Ransomware attackers target financial institutions specifically because of the valuable data they hold, which makes it easy to pressure victims into paying the ransom quickly. Namely, cybercriminals will often threaten to release sensitive information onto the dark web, causing reputational damage for the financial firm, as well as likely seeing them succumb to hefty fines from the authorities for breaching security and data protection regulations.
Despite this pressure, the FBI strongly advises financial companies not to pay these ransoms and instead seek professional help. Whilst it may seem easier to succumb to the attackers requests, according to the State of Ransomware 2020 report by Sophos, remediation costs actually double when a ransom is paid.
Phishing is one of the most popular cyber-attacks worldwide. It refers to when cybercriminals send illegitimate emails, asking recipients to complete a request (e.g., download a file or click a link) posing as a legitimate sender.
Phishing emails act as a gateway to launching a fully-fledged cyber-attack, ultimately installing malware on the targeted computer system. These emails can be extremely convincing, for example, during the coronavirus pandemic, attackers posed as governing bodies like the World Health Organisation, sending pandemic-related communications to vulnerable people.
In fact, almost half of the phishing attacks in 2019 occurred in the finance sector. And in the first half of 2021, phishing attacks in the financial sector increased by 22% since the same period in 2020, showing that there are no signs of these types of attacks slowing down. These shocking statistics make phishing one of the greatest cyber security threats to the financial industry this year.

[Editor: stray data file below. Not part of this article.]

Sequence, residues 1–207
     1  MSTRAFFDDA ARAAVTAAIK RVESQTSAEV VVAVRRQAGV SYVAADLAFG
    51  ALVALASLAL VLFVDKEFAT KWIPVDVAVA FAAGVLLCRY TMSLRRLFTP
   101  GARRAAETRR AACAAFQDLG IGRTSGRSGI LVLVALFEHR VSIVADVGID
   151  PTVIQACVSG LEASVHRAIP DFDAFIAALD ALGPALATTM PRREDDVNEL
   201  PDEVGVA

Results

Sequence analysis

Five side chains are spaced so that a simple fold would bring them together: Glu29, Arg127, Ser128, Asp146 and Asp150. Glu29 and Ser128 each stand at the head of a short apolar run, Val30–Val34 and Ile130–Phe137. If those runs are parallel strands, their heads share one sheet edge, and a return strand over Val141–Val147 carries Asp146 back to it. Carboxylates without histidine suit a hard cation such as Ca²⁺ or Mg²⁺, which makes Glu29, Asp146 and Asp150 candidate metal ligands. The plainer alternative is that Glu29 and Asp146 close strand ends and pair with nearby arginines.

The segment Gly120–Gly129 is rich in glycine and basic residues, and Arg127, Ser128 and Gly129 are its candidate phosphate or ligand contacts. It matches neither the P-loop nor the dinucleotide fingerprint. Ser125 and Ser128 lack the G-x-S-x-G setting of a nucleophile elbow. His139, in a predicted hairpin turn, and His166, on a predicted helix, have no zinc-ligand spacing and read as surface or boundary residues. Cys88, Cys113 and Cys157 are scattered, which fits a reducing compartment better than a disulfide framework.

Web application attacks
Web applications make up a lot of what we do online, as businesses and consumers. Applications include online forms, shopping carts, spreadsheets, email programs, file scanning and video editors. Essentially, if you’re doing something online – it likely involves a web application!
In fact, Akamai found that the volume of web application and API attacks have surged by 3.5 times year on year in the financial services sector, making cyber security in financial industry evermore crucial.
Web application attacks occur when hackers or cybercriminals exploit weaknesses in a website’s code to gain unauthorized access or steal information. They may use automated tools to scan for vulnerabilities or manually search for weaknesses in the code. Once they find a vulnerability, they can use a variety of techniques to exploit it, such as injecting malicious code or manipulating data inputs.
For example, a common attack is known as SQL injection, where the attacker inserts malicious SQL code into a website’s input field to gain access to sensitive data or execute harmful commands. Another attack, called cross-site scripting (XSS), involves injecting malicious code into a website’s pages to steal user data or redirect them to a fake login page.